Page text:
When Philip Garber Jr.’s history teacher at New Jersey’s College of Morris told him not to ask questions during class because his stutter took up too much time, Garber was not content to simply sit in silence.

Many typical 16-year-olds are thinking about term papers, college entrance exams, and maybe their plans for the weekend. “Taking a stand against discrimination” isn’t usually on the agenda, but Garber isn’t a typical teenager.

He told school officials about the incident, and switched classes.

In a press conference Tuesday, Garber said, “If you don’t advocate for yourself, then society will make their own assumptions on how you should be treated.”

“The challenge is, how do you appropriately accommodate someone who has this particular disability. Especially in an academic environment,” said Dr. Bette Simmons, VP of Student Development. “Philip is helping us learn ways to do that.”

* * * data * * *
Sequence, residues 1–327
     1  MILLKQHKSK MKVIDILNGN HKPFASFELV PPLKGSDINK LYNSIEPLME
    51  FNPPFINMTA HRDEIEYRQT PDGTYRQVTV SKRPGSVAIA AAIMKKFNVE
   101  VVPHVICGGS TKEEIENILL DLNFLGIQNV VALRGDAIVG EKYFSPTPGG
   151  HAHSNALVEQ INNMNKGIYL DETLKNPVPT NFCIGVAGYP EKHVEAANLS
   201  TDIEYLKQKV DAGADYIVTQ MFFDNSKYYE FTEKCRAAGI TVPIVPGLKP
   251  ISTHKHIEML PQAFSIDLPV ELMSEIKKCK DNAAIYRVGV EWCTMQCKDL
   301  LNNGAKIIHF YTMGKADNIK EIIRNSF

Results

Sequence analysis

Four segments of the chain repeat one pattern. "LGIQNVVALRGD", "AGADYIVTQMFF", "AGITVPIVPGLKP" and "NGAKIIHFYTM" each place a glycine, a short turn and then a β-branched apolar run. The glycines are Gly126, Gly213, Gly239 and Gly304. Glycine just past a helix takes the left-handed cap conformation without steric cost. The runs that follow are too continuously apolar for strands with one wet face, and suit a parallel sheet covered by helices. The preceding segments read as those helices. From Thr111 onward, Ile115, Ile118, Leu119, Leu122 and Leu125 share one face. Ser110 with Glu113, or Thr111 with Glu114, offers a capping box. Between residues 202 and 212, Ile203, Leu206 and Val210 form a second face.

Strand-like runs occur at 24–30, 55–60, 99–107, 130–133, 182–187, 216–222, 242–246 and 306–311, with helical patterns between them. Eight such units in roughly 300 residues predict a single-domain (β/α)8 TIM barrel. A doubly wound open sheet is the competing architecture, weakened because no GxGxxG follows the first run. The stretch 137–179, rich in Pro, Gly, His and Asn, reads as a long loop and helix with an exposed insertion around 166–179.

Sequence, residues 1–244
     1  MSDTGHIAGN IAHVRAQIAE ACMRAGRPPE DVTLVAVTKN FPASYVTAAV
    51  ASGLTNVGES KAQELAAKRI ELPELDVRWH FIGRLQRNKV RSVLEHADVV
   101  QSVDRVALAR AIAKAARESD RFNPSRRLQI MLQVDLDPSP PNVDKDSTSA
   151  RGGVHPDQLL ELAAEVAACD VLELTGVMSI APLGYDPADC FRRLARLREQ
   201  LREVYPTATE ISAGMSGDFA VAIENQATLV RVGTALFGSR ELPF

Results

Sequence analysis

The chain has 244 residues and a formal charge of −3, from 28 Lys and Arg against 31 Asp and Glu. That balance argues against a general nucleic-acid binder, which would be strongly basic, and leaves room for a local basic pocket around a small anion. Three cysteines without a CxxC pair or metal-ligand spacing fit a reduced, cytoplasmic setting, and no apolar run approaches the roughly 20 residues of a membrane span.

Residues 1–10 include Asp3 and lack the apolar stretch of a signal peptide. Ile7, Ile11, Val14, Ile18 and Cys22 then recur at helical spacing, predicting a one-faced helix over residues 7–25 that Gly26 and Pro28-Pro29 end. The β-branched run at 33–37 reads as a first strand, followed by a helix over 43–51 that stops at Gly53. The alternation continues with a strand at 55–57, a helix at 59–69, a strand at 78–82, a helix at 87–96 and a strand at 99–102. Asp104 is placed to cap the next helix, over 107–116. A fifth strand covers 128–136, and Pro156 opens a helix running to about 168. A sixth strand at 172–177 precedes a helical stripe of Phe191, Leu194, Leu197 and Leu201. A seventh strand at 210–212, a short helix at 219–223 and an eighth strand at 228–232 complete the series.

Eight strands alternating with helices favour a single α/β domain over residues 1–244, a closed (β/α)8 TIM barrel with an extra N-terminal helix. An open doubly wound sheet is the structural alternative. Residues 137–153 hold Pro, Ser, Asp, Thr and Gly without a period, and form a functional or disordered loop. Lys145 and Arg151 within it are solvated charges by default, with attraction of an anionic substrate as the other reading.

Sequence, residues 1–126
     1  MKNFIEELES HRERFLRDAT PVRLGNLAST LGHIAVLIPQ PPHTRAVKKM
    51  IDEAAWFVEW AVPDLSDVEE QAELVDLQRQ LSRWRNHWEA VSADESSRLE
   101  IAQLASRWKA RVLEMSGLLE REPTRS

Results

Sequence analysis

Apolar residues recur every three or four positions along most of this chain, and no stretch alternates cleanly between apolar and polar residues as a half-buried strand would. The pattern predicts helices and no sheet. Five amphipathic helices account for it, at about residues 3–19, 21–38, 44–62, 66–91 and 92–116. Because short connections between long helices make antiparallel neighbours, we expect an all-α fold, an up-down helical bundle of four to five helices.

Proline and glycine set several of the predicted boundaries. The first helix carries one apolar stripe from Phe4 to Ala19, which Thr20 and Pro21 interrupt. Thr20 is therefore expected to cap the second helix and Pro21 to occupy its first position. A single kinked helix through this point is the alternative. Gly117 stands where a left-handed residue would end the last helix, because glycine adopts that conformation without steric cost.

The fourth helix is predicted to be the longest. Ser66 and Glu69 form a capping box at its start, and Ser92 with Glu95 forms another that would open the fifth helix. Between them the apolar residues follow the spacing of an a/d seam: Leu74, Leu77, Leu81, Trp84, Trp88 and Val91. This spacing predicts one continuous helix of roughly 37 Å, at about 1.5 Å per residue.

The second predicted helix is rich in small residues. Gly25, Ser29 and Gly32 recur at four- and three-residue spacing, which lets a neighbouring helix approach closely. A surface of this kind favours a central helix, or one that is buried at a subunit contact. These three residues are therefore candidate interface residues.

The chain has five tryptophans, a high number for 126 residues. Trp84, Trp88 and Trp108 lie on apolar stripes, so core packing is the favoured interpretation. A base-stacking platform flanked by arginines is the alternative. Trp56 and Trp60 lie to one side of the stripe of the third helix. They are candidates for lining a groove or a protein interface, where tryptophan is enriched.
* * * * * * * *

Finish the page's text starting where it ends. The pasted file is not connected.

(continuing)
In the process, the young man has become a bit of a media sensation. The video below, in which he talks about the struggles and triumphs of stuttering, has already racked up more than 12,000 views. The overall message? Everyone with a voice deserves the chance to speak.

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